Citizen Science

Help Solve a Problem on Africa’s Deepest Lake

September 7, 2017

Kakora Ramadhani poses on a fishing boat in the village of Buhingu on the shores of Lake Tanganyika. Photo © Ami Vitale

We have a problem in our project site on Lake Tanganyika in Tanzania.

Mahale Mountains National Park protects 250+ species of fish found nowhere else, including the world’s largest cichlid and Storm’s water cobra. Local fishers know that if they fish near the national park, they catch more fish. The problem is no one knows exactly where the protected waters of the park start.

Officially the line is 1 mile (1.6 km) offshore from the park, but there are no boundary markers because it is extremely difficult to demarcate the no-fishing area.

Problem Details

The national park’s protected waters cover 53,000 acres, and Lake Tanganyika drops to 3,300 feet (1,000 m) deep just offshore of the park in several places. This 400-mile-long lake has ocean-sized storms that can drag a buoy or snap a rope—which is itself a precious commodity in this remote part of Tanzania. What’s more, most fishing happens at night when it is hard to see a marker.

The lack of a clear boundary demarcation has created a lot of conflict between the park and local fishers. If fishers cross into park waters, they can lose their fishing gear or be hit with a fine by park rangers.

Fishermen use a net to pull in dagaa, a kind of sardine in the early morning light on Lake Tanganyika. Photo © Ami Vitale

Our Challenge to You

The Conservancy’s Africa team needs an innovative solution to this problem. To find it, we are applying a method that the business world is using increasingly often: a crowdsourcing competition.

We are encouraging people around the world to send us ideas for solving our demarcation problem. The solution could involve GPS-enabled mobile phones, super-tough buoys like the ones used on the North Sea, or a combination of tech and hardware. We are looking for something simple that we can try.

To engage the right audience of external “solvers,” we have partnered with the crowdsourcing specialists at SensisChallenges. But the challenge is open to anyone, including you!

Help us #DemarcatetheLake

Enter an idea in our challenge. Your idea could help create a lasting solution that can be replicated across many sites—one that benefits both people and nature.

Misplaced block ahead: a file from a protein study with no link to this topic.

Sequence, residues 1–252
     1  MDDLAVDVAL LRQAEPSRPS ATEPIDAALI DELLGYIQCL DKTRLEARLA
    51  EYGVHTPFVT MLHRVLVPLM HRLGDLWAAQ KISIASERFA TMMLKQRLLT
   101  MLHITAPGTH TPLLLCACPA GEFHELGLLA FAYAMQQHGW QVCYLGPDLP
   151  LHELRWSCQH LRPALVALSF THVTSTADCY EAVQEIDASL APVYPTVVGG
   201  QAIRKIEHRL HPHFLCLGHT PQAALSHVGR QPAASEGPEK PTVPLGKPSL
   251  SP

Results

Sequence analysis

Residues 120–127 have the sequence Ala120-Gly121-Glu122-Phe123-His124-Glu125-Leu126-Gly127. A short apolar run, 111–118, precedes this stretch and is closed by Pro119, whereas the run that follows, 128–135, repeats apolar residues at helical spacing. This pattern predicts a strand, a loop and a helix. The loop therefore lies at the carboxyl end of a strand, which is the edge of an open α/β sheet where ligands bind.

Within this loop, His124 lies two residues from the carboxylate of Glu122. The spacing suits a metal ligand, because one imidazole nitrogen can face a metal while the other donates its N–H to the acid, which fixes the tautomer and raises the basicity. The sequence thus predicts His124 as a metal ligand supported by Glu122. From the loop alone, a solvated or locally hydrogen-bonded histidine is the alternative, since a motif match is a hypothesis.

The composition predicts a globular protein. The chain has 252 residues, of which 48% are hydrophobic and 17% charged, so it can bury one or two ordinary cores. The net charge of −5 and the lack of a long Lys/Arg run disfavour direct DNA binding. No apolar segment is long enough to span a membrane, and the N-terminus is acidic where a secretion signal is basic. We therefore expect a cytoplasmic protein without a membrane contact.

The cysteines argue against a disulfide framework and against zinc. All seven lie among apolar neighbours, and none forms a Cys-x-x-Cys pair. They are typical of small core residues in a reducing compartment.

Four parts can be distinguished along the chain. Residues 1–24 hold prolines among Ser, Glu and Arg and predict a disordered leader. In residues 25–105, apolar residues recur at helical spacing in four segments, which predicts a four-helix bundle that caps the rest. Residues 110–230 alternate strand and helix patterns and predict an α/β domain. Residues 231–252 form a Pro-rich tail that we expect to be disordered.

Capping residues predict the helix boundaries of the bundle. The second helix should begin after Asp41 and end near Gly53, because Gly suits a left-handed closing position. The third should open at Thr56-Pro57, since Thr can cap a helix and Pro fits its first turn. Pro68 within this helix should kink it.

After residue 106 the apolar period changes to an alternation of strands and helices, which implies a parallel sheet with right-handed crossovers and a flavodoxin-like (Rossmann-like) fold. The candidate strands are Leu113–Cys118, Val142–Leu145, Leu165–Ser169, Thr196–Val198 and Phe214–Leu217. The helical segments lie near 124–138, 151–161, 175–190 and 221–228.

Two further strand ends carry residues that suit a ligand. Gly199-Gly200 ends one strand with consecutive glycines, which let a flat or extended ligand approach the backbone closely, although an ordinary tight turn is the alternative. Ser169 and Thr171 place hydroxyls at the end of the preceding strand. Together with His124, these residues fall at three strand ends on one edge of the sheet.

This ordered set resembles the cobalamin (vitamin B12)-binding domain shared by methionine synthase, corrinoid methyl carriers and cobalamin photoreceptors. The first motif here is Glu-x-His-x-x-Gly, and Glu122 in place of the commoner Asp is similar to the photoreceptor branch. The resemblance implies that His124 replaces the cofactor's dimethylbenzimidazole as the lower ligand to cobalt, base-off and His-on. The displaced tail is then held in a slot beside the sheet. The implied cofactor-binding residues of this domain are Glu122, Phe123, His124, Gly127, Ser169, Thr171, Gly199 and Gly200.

The best ideas will win US $1,000 in prizes, and winners will get the chance to help us implement their ideas and make a difference to thousands of fishers on the world’s second largest lake.

For more, see the challenge website.

Craig Leisher

Craig Leisher is the Director of Monitoring and Evaluations for The Nature Conservancy’s Africa Region, where he leads science-based approaches to measuring people and nature impacts from conservation projects. More from Craig

Join the Discussion

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22 comments

  1. Three points can be considered here
    – The park officials and fishermen should learn to a mutual understanding by GPS tech mapping as stated. With a proper meeting to study with digital tools.
    – The restricted or boundary area of the lake should be pillared with tall poles or signal tower, on both sides of banks to notice.
    – As the beautiful lake is large in length wise and short in breadth as seen in the map. Strong big sized bamboos should be joint in long and floated across the breadth of lake as to fishermen to avoid the crossing problem.

  2. Two lighthouses on each end of the boundary line,lined up on the line with the one nearest the shore the shorter of the two.

  3. What about a alarm that goes off when the fishermen cross the line. Something on the bouys like a flashing red light when a boat goes by.

  4. Considering that some fishermen cannot afford certain electronics and that storms catch above water buoys, try underwater buoys that emit light. The battery could be charged by water current or solar. Certain batteries are fairly long life and may need biweekly or monthly charge or changing.

  5. Give the fishers gps units that alarm when the boundary is near / hire patrollers.

  6. Find a native crawdad, and divert a certain portion of the water that feeds the lake to providing habitat for the crawdad. Shift the economy from tiny fish to tiny crustaceans…

  7. Good idea will tweet it cannot give permission for all my contacts but super tough illuminous buoys with a beep that indicates where the end of the area maybe useful. REpunk

  8. 1)We can use a pinging system to send location of the boat to the control room of the park and to the boat users. Preferably to their hand held devices. The distance between the disputed area and their last location so that if a fine is levied they can use it as proof to avoid it or claim it by both. 2)Self aligning buoy that can align itself to the distance( pre entered) using gps. So that it will not change. 3) Simple rope with floaters and reflectors attached with anchor can be used. 4) Making floaters high and big so that boats can’t cross over. 5) Installing boats with engine kill switches if they enter the restricted area( gps) and simultaneously send messages to the park authorities along with the location. 6) Incease patrol units. 7) Involve fishermen in park meetings and informing them of the need for protection and conservation.

  9. Use colorful soccer size balls with LED lidhts inside either tethered to each other or to rocks in the bottom

  10. Lasers is your answer, Could you give me a map of area with the demarcated area shown and the scale . Regards Daniel Becker ..